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Cross-platform mobile UX design – follow guidelines or innovate?

As we’re currently working on brand new Pingdom mobile apps for iPhone and Android phones, we’re going through the process of how to best create apps for multiple mobile platforms.

Should we stick to each platform’s guidelines or should we try to make the apps consistent in look and functionality between the platforms? Or, perhaps there is a third way, which only focuses on providing a great user experience.

Here are some of our thoughts on this.

There are no easy answers

Developing the same app for multiple mobile platforms, e.g. Android, iOS, etc., can be a daunting task. Platforms are different in terms of hardware, software, users’ expectations, and much more. Add to that the variation of specifications even within platforms, most notably Android fragmentation, and it’s a tall order to cover it all.


While developing the new Pingdom mobile apps, we’ve been going through the same process as many of you have, and we thought we’d share our experience so far and some of the decisions we’ve made.

Small differences for the user

From the user’s point of view, things can look deceptively similar between the platforms. If you pick up two smartphones from different platforms today, you could be excused for not immediately seeing that much difference between them. Disregard the branding on the outside; there are icons for you to tap on, things for you to slide across the screen, and other objects that fill up the device’s display.

Let’s look at a simple example, where the same functionality looks very similar in Android and iOS.

First, iPhone:


Then, Android:

Not that much difference between the platforms, but still, it’s not exactly the same.

But once you start digging into the details of how to build apps for the platforms, things quickly start to look very different.

Follow guidelines or innovate?

At the end of the day, when developing an app, the goal is not to follow guidelines, however good they are, but to build a great app for our customers.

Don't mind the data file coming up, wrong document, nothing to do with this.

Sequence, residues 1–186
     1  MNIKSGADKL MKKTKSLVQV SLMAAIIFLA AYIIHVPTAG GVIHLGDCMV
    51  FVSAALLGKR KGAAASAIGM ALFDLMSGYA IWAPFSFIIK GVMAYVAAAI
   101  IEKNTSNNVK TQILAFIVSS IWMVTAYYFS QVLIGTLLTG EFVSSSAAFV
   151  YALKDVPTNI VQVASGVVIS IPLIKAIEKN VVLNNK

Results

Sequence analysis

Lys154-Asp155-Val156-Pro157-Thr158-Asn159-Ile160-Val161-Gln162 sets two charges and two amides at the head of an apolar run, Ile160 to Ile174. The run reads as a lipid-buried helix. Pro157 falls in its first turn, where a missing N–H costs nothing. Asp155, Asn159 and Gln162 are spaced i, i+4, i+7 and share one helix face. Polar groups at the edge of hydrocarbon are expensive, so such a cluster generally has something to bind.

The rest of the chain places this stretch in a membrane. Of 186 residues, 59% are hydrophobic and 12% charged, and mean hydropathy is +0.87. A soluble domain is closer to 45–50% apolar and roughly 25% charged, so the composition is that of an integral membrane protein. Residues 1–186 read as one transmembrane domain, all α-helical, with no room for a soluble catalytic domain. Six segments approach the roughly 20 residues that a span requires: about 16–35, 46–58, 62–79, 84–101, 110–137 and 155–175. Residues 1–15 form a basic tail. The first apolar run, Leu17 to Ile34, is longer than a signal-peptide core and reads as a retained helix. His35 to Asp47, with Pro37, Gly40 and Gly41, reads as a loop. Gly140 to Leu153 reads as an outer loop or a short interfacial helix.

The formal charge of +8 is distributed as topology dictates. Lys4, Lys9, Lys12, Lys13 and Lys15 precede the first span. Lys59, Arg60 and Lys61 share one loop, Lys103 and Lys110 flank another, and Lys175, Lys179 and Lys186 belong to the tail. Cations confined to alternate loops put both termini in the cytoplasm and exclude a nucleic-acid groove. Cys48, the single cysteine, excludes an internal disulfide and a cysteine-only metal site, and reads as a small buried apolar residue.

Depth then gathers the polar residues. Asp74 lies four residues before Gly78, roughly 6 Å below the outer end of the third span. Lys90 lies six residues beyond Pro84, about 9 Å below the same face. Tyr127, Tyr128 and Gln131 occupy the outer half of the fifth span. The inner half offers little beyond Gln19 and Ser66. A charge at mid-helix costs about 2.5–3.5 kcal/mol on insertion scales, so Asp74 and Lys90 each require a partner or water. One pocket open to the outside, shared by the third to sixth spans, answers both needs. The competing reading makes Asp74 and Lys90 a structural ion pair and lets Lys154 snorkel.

Our view is that you should treat such guidelines as recommendations, and the starting point for your UX design process. There are, without a doubt, good things in guidelines and it’d be downright foolish not to learn from them.

Having said that, there are times when it’s better to opt for a solution that is the same on both platforms. Yes, even if that decision goes against the established guidelines for either or both platforms. While in other cases there are huge upsides in recommendations and conventions, simply because the user will recognize the behavior pattern and thus find the functionality easier to use.

Your brand + platform guidelines + user expectations + innovation = greatness

Many of the innovations in this space derive from app creators, not from creators of the platforms. As app creators we are helping to push everything forward. In fact, sometimes we are obligated to do so. There are many fine examples of this that should be mentioned, but how about the significance of “pull to refresh” by Twitter?

Cross-platform mobile UX design – an example

Let’s now look at one example. When working on the new Pingdom apps, we have decided to use pull to refresh in both iPhone and Android. Pull to refresh appeared first on the iOS platform, and although it’s made its way onto Android in various forms, it’s not become as popular on Google’s platform.

There are certainly those who would not agree with our decision, but our view is that it suits our apps very well. Particularly the common argument for pull to refresh, that it saves screen space, is one that we feel makes this UI pattern suitable for our apps. But at this point, we are still open for changing this decision.

Below you can see what it looks like when the pull is fully extended, and the user can let go to complete the refresh.


So what do you think?

We are still very early in our process, and we’re still evaluating the design and UI patterns as well as functionality and other details of our apps. But it’s safe to say that this is something that has already caused us much time in research and trying to figure out what will work for us. As we move forward, we hope to be able to report back to you with more articles.

Have you faced a similar issue in your mobile app developed? How do you approach this? Let us know, we’d love to hear from you.

Some of the guidelines that we have studied: Google’s guidelines for Android, Google’s Pure Android page, Apple’s iOS guidelines. Besides these there are plenty of great guidelines from others than the two main players, for example this one from Net Magazine.

Images: icontop by Shutterstock

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